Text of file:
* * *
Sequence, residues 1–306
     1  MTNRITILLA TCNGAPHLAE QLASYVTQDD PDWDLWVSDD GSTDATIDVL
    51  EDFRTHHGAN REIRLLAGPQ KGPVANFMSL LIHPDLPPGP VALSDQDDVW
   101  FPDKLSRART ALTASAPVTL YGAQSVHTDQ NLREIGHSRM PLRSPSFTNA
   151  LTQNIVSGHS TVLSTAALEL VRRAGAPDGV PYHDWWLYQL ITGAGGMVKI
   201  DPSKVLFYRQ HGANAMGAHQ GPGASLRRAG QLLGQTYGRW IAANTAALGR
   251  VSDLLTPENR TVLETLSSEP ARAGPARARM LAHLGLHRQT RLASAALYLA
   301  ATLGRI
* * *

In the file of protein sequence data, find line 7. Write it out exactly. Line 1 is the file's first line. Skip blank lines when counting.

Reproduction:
   251  VSDLLTPENR TVLETLSSEP ARAGPARARM LAHLGLHRQT RLASAALYLA